Jordana Bieze Foster, Editor
I grew up in Portland, OR. I live in New England. That means I root against all of the Los Angeles Lakers. But I do find Kobe Bryant’s footwear fascinating.
The guy went directly from high school to the National Basketball Association, so I’m pretty sure he doesn’t have a degree in sports science. But more than any other star athlete, Bryant’s shoe endorsements make as emphatic a statement about biomechanics as they do about fashion.
Bryant, you might remember, in 2008 was the first professional basketball star to put his name on a low-top shoe. This was a very big deal. High-top kicks had been the standard since time began, based on the belief that the additional ankle support would be protective against sprains.
In reality, however, studies had demonstrated that high-top shoes couldn’t come close to providing the kind of mechanical support necessary to prevent an ankle sprain. Maybe Bryant knew about these studies, or maybe he just knew instinctively that the extra stuff around his ankles was only slowing him down. Either way, he wanted a low-top shoe that would give him maximum range of ankle motion with minimal weight, and lobbied for it until the folks at Nike finally gave in.
Since then, a growing body of research seems to suggest that mechanically preventing sprains—even with an ankle brace—is more difficult than previously thought. And if you’ve lasted as a professional basketball player as long as Bryant has, you’re probably a “coper” who isn’t highly susceptible to chronic ankle instability anyway. So sure, why not see how low your shoes can go?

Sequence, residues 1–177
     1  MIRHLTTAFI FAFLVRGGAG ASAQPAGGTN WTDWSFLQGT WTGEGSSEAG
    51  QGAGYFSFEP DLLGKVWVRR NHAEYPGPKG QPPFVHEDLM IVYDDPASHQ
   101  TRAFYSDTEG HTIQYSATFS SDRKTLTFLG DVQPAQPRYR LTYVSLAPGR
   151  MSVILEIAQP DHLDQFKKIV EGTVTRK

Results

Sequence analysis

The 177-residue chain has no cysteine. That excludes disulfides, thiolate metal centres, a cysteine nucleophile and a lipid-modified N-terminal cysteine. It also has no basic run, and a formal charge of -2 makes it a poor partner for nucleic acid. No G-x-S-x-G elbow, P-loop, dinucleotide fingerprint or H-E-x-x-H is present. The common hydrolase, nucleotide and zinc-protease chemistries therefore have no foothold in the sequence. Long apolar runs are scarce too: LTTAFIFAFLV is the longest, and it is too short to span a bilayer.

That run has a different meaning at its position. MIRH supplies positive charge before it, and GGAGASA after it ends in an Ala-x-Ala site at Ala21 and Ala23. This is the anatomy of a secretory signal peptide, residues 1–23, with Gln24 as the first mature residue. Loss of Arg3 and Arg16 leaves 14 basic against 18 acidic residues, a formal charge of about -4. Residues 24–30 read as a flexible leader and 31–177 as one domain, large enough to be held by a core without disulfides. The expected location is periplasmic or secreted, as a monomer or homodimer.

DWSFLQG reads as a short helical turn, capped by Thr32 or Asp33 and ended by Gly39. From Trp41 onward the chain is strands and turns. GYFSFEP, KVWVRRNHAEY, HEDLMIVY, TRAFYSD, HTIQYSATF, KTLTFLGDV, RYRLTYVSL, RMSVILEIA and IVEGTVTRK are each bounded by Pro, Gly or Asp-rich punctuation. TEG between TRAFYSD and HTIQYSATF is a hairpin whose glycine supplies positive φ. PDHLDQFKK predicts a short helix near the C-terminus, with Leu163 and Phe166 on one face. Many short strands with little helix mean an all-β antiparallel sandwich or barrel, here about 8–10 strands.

But Bryant’s new shoe, actually a shoe “system,” takes that thinking a step further. The Kobe VII is a low-top shoe that comes with two form-fitting, high-tech inserts: a low-profile “Attack Fast” insert for when speed is a priority, and a mid-top “Attack Strong” insert for when stability is a priority.
I’m not sure about the practicality of the dual-insert concept. It seems to me that an athlete would be most likely to just pick one insert and stick with it rather than switching back and forth.
But revisiting the high-top concept in a lightweight, flexible package makes all kinds of sense biomechanically. Research does support the use of ankle braces to help prevent sprains, and suggests their most important benefit may well be proprioceptive. And almost anything that wraps around the ankle can enhance proprioception—a researcher once told me that strapping a hot dog to your ankle could do the trick.
Maybe Kobe Bryant knows about this research. Maybe he instinctively knows that his joint position sense in low-tops isn’t what it could be. Or maybe he just wants to recapture some of his old-school fans who can’t give up their high-tops.
We may never know. And early reviews give the new shoe system low marks for comfort, so we also may never know if the Attack Strong option really is the perfect compromise between the low-top and high-top philosophies.
But lower extremity practitioners have to appreciate a superstar whose endorsements are about science as much as style. Even if you’re not a Laker fan.